What you would love to have is the seamless connectivity from a very, very local area network to a wi-fi network of say 100 metres to a 3G or a wi-max metropolitan area network that would be 30 or 40 miles.

That would be progress - especially if the computer were to sense the network, and automatically configure and connect to the best connection possible. And that's going to be with us in one to two years.

Stephen Cole:

The one thing people ask you for: more processing power, more capability
Craig Barrett, Intel
That soon?

Craig Barrett:

Mobility is what people want. People don't want to be tied to a cord or a wire. They want to be free to move.

Stephen Cole:

And you also think they want limitless power. I'm thinking about Moore's law of doubling processing power every 18 months. That's not sustainable, is it?

Craig Barrett:

People have been saying it's not sustainable for 30 years.

Stephen Cole:

But is it sustainable to continue doubling every 18 months?

Craig Barrett:

Moore's law was coined in 1965, on the basis of observations that Gordon Moore [the co-founder of Intel] made as far back as 1960.

We're now in 2005, 45 years later. We're still on track, and we can see our way to be on track from a technology standpoint for another 15 years or so.

Stephen Cole:

But as time goes on do the hurdles get higher, to achieve the doubling?

Craig Barrett:

The engineering difficulty increases. The research and development costs increase. The manufacturing and infrastructure costs increase.

But that's been happening for 40 years. The first manufacturing facility that Intel had cost in total less than the cafeteria cost for our current manufacturing facilities.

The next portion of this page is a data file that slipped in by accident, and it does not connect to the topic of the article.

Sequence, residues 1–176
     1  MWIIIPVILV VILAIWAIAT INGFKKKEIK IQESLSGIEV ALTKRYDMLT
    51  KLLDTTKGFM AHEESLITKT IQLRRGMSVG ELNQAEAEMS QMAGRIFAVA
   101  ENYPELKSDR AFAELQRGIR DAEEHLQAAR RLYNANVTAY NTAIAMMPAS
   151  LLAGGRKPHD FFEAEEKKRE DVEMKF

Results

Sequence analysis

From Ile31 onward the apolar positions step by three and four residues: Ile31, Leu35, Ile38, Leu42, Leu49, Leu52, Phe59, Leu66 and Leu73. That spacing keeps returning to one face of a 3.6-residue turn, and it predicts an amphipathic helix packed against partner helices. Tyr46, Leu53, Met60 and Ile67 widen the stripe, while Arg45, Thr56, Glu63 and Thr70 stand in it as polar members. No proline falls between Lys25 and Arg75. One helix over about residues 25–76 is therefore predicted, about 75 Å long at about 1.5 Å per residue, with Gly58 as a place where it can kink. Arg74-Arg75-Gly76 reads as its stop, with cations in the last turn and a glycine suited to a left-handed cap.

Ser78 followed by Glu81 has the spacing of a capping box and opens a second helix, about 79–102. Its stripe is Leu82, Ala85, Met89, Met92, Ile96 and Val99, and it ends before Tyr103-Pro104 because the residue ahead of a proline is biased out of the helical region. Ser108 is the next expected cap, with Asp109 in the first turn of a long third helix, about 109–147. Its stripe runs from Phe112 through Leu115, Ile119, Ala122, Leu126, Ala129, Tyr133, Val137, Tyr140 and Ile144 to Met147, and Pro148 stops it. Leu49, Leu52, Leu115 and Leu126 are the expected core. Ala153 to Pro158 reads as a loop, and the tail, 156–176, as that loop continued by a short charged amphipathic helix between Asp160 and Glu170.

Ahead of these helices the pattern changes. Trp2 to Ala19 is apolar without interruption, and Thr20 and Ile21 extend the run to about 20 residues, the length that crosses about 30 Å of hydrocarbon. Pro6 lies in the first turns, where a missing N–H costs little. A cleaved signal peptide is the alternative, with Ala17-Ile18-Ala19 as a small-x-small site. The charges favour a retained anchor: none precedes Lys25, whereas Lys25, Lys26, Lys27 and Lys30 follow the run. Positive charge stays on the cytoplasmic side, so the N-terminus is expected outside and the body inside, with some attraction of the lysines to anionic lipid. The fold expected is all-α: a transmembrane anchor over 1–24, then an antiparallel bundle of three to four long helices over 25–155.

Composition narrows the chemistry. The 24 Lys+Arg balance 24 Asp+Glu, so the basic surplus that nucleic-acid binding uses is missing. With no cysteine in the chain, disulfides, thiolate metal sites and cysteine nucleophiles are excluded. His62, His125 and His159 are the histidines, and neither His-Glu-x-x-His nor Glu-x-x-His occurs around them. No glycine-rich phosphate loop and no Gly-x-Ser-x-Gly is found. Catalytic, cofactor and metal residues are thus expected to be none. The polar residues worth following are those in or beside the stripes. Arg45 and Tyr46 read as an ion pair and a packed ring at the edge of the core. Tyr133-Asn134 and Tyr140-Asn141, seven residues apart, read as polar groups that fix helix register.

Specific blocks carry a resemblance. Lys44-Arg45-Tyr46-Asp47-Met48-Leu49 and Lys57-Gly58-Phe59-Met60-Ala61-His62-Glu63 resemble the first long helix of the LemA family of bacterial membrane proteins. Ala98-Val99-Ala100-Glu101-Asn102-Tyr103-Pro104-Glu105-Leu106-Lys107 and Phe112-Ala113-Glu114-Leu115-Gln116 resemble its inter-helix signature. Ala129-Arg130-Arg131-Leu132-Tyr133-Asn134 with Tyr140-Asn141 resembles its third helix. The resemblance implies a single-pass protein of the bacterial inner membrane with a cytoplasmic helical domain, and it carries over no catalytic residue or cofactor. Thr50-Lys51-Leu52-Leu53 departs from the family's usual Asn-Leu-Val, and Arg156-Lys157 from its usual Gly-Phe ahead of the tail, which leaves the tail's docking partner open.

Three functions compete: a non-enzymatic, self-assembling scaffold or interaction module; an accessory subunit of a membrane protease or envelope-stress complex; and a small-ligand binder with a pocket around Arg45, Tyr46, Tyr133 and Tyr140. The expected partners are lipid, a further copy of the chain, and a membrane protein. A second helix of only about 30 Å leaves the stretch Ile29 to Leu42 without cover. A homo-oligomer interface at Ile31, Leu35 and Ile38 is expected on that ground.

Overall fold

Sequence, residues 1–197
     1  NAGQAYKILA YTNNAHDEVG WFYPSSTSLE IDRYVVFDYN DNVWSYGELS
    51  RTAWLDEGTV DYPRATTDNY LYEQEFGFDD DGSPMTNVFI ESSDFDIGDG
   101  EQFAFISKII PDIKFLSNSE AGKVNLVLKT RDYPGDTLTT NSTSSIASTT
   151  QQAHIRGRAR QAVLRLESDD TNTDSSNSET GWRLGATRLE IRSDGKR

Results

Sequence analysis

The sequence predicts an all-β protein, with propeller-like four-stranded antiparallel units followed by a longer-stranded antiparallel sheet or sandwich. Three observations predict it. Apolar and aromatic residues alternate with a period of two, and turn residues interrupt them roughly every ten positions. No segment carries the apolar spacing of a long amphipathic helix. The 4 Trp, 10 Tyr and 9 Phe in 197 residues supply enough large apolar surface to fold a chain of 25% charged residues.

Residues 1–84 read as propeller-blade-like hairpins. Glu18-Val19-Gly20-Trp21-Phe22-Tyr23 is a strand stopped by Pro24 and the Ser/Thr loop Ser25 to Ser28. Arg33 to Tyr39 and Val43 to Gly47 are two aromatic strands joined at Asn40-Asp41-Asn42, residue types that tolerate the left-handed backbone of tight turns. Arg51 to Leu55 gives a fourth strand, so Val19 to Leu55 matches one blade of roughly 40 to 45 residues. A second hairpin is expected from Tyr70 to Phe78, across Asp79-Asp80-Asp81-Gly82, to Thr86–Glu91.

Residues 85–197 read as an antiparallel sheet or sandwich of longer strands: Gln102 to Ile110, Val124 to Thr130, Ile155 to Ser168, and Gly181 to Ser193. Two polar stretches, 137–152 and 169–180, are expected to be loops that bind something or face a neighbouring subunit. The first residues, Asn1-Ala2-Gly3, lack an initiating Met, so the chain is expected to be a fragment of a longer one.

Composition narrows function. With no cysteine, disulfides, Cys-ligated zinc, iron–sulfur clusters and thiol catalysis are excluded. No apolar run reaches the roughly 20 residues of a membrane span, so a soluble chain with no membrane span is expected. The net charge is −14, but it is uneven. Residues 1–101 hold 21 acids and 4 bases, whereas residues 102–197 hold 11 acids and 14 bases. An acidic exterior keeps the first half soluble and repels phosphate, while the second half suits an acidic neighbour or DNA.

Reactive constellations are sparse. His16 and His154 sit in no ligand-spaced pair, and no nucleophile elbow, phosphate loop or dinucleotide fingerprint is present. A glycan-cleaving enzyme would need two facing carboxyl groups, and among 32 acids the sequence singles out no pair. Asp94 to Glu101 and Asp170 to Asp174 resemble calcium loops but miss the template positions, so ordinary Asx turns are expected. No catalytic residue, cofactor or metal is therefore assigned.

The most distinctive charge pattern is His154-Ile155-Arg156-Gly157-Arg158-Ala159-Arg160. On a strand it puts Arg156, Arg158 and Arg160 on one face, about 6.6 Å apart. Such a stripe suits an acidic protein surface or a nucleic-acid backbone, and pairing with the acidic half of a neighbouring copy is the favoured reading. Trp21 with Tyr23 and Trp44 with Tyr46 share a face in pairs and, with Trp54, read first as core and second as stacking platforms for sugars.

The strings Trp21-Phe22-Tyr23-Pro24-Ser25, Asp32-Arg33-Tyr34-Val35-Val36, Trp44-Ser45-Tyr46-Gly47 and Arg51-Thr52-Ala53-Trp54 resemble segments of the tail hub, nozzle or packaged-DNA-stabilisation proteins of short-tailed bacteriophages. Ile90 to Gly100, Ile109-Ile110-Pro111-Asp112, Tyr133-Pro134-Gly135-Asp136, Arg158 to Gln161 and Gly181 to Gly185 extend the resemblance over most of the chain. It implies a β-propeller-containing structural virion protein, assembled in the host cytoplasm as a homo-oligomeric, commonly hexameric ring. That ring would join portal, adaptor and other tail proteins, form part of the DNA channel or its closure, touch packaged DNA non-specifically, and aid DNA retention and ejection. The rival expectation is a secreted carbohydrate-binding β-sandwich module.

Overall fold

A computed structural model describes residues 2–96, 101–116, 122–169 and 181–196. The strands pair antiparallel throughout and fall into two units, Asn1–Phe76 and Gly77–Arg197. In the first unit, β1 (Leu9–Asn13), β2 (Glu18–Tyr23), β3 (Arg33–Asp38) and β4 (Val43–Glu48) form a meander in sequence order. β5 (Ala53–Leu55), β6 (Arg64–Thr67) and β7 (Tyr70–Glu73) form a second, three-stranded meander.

Stephen Cole:

Does the consumer want this limitless power on his desktop?

Craig Barrett:

The consumer continues to take as much processing power as we can handle.

If you talk to game manufacturers, if you talk to people who are moving content around, people who want to stitch digital images together into 3-dimentional images, or stitch a series of digital images together, the one thing they ask you for: more processing power, more capability.

I don't see any immediate end to that.

Eventually it will end. None of these things go on for ever, but for 30 years there has been a steady constant demand for more capability, more memory, more bandwidth, more computer power.


Click Online is broadcast on BBC News 24: Saturday at 2030, Sunday at 0430 and 1630, and on Monday at 0030. A short version is also shown on BBC Two: Saturday at 0645 and BBC One: Sunday at 0730 . Also BBC World.

SEE ALSO:
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18 Jan 05 |  Business
Intel has record quarterly sales
12 Jan 05 |  Business
Intel sunny about holiday sales
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Intel shift over need for speed
15 Oct 04 |  Technology
Intel sees profits rise to $1.9bn
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Intel sees big changes to the net